Is there a person in your life who is trying to recover from or deal with addiction? Do you want to do what you can as a friend or family member to help that person?
You’ve come to the right place. In this guide, we’ll discuss what you need to consider before you talk to an addict. We’ll also give you tips on how you can encourage an addict to adapt to a healthier lifestyle.
Keep reading for more information about what you need to know about dealing with addiction.
1. Be Supportive and Patient
No matter how terrible a relative or a friend was to you, be patient with them. Don’t let their behavior affect your relationship. Remember, addiction is like a disease that causes people to act out or do wrong things.
Even when a person isn’t under the influence, the body’s need to get high or drunk can drive them to do bad things. Don’t blame or judge an addict for the actions they did while under the influence. Instead, let them know that you want to help and support them. Also, remember that change doesn’t happen overnight.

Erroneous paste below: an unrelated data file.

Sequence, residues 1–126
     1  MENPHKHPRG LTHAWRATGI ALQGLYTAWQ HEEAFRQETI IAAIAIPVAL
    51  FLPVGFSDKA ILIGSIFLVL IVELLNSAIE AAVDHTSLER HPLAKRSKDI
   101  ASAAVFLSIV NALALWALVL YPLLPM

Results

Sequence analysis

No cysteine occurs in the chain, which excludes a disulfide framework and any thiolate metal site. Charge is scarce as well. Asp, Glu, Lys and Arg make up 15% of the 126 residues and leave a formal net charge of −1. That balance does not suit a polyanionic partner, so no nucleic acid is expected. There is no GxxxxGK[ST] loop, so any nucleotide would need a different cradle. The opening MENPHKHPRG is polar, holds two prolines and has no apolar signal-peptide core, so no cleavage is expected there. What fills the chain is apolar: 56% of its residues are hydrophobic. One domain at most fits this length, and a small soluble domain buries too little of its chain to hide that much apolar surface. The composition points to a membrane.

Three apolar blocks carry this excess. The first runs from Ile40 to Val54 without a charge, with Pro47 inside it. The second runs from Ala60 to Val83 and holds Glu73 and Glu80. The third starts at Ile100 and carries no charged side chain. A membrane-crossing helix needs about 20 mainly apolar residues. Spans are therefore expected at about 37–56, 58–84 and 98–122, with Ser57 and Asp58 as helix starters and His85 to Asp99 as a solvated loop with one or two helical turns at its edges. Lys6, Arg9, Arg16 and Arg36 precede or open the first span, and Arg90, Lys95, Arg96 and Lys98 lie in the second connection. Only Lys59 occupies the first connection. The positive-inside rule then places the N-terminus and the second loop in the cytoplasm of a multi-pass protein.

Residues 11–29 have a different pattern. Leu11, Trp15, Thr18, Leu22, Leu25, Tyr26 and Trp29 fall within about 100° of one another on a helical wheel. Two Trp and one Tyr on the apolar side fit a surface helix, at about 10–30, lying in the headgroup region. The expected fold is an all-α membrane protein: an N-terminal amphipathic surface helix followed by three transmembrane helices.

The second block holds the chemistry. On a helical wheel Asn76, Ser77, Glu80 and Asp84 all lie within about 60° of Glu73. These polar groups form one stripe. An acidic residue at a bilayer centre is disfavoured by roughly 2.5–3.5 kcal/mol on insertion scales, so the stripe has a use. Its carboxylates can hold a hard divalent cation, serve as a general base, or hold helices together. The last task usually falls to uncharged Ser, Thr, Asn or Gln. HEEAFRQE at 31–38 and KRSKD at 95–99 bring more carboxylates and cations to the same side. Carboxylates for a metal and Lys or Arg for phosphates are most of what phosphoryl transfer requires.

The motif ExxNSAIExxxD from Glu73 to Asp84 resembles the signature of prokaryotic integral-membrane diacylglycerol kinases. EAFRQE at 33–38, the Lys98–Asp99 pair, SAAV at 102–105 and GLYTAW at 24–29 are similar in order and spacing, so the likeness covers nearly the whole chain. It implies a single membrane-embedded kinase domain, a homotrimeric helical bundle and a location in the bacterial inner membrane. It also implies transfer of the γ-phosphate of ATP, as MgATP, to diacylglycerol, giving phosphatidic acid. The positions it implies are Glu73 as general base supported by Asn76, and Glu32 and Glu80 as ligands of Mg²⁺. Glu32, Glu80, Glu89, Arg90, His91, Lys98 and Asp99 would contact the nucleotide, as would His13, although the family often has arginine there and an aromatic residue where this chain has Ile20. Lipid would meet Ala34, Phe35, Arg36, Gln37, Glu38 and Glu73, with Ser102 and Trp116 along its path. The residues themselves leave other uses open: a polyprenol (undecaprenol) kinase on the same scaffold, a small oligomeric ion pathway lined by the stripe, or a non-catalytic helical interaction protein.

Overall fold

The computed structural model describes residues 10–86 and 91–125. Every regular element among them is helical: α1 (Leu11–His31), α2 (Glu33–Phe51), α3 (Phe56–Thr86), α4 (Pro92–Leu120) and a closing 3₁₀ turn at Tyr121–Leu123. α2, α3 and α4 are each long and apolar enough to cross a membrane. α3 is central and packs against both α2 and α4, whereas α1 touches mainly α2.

2. Learn Everything You Can About Addiction
If you want to help a person fight addiction, you need to know what you’re helping them fight. Educate yourself about what addiction is, what causes it, and how it works. Once you learn about all these things, you’ll realize how tough a drug addict’s road to recovery is.
For example, some states now allow marijuana for recreational use. Thirty-three legalized it for medical uses only. However, the legalization of this opioid reportedly worsened the US’s drug problem. If you want to learn how to talk to a drug addict right, learn about addiction first.